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Is a photon passing through a point in space blinking relative to that point?

If the photon for some reason destructively interfere with it self at that point, what happen to it? is it off or is it somewhere else?

By blinking I mean toggling between visible and invisible / detectable and not detectable or maybe fade in / fade out when considering its wave nature.

Edit When the wave goes to zero every half wavelength is it possible that the photon disappears every half wavelength? is it disappearing in way similar to what it does after a destructive interference with another photon only that it will come back completing the wavelength?

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In other words, does the fact that a photon as a particle disappears when the photon as a wave destructively interfere with another, means that the photon as a paricle also disappears at the point in space-time where its wave functon is zero between a crest and a trough? From Anna's answer and comments the photon is not regarded as a wave in its own but i dont understand this.

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closed as unclear what you're asking by G. Smith, InertialObserver, GiorgioP, Jon Custer, John Rennie Mar 25 at 17:37

Please clarify your specific problem or add additional details to highlight exactly what you need. As it's currently written, it’s hard to tell exactly what you're asking. See the How to Ask page for help clarifying this question. If this question can be reworded to fit the rules in the help center, please edit the question.

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    $\begingroup$ I'm voting to close this question because it's unclear what you're asking, as you lack to define unconventional terms $\endgroup$ – InertialObserver Mar 25 at 5:34
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    $\begingroup$ @InertialObserver I edited the question, is it clearer now? by blinking I mean toggling betwean visible and invisible / Detectable and not Detectable or maybe fade in / fade out when considering its wave nature $\endgroup$ – Amr Berag Mar 25 at 5:52
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    $\begingroup$ Hi Amr. Are you thinking that because a wave goes to zero every half wavelength this means the photon disappears every half wavelength? $\endgroup$ – John Rennie Mar 25 at 6:09
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    $\begingroup$ @John Rennie YES I think it disappears. $\endgroup$ – Amr Berag Mar 25 at 17:56
  • $\begingroup$ @AmrBerag You might be interested in “single Edge Certainty” at billalsept.com $\endgroup$ – Bill Alsept Mar 26 at 23:54
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The photon is an elementary particle in the standard model of particle physics.

The theory at present has elementary particles as point particles in a quantum mechanical theoretical model using quantum field theory. This leads to the Feynman diagram representation of elementary particle interactions which leads to calculating measurable quantities, as crossections and decays.

The point nature of the particles appears when they are detected, and detection means interaction with other particles or fields. See this singe photon at a time experiment, the photons detected by the point seen on the screen on the left.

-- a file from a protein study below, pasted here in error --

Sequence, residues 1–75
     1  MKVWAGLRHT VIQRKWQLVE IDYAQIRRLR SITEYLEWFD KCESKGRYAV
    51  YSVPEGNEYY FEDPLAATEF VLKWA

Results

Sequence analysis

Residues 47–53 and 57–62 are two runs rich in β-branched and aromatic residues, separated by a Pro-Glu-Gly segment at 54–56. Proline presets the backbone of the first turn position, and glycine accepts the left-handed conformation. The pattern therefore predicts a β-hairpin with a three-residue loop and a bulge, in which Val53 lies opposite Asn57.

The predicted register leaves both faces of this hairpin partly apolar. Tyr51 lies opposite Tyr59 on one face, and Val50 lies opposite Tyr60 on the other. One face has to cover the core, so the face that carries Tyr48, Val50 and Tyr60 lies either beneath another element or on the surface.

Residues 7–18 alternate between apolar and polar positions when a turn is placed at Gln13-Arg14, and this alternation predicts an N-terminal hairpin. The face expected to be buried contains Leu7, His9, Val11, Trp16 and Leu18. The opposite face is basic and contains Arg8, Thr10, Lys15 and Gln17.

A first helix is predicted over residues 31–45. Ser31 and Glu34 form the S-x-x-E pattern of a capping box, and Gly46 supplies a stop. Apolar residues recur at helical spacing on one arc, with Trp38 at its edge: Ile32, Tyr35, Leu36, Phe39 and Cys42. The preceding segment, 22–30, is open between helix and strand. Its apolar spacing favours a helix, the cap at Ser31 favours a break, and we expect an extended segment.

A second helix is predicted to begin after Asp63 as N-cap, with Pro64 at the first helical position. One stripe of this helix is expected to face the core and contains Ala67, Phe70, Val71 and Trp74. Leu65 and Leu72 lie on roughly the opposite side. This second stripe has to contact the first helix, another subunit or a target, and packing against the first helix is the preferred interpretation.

singlephot

single-photon camera recording of photons from a double slit illuminated by very weak laser light. Left to right: single frame, superposition of 200, 1’000, and 500’000 frames

As you see on the left, there are dots, not spread out energy. The wave nature of the photon is in its probability amplitude as expressed by the modulus of its wavefunction, in simple quantum terms. The wave nature can be seen only by an accumulation of photons, which build up the same frequency classical light as seen on the far right.

You ask:

is a photon passing through a point in space blinking relative to that point?

as the first frames on the left show, the answer is no, it acts as a point particle when it interacts.

If the photon for some reason destructively interfere with it self at that point, what happen to it? is it off or is it somewhere else?

Point particles cannot destructively interfere with themselves in the theoretical model of mainstream physics. They leave a footprint consistent with the probability amplitude that describes them mathematically

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  • $\begingroup$ Thank you for the detailed answer. Can the photon interact when the amplitude is zero? $\endgroup$ – Amr Berag Mar 25 at 18:57
  • $\begingroup$ The wavefunction of the photon is as all wavefunctions, variable in space and time. See for example arxiv.org/abs/quant-ph/0604169 $\endgroup$ – anna v Mar 26 at 4:22
  • $\begingroup$ Thank you for the reference. I also found this in an answer by Dr Rennie: "Light is not a wave nor a particle but instead it is an excitation in a quantum field." physics.stackexchange.com/a/90657/226188 $\endgroup$ – Amr Berag Mar 26 at 7:14
  • $\begingroup$ Photons are quantum mechanical entities, interacting as point particles in the field theoretical model and manifesting a wave nature in ensemblles.. Light is the ensemble of photons. $\endgroup$ – anna v Mar 26 at 8:10
  • $\begingroup$ Since a photon can not destructively interfere with it self, why is it showing an interference pattern? what is causing the dark regions? does that mean the number of green dots hitting the wall is the same number of photons coming through the slits? If yes is it becase of the probability of it interfering with another photon if it would have been there? $\endgroup$ – Amr Berag Mar 26 at 15:33

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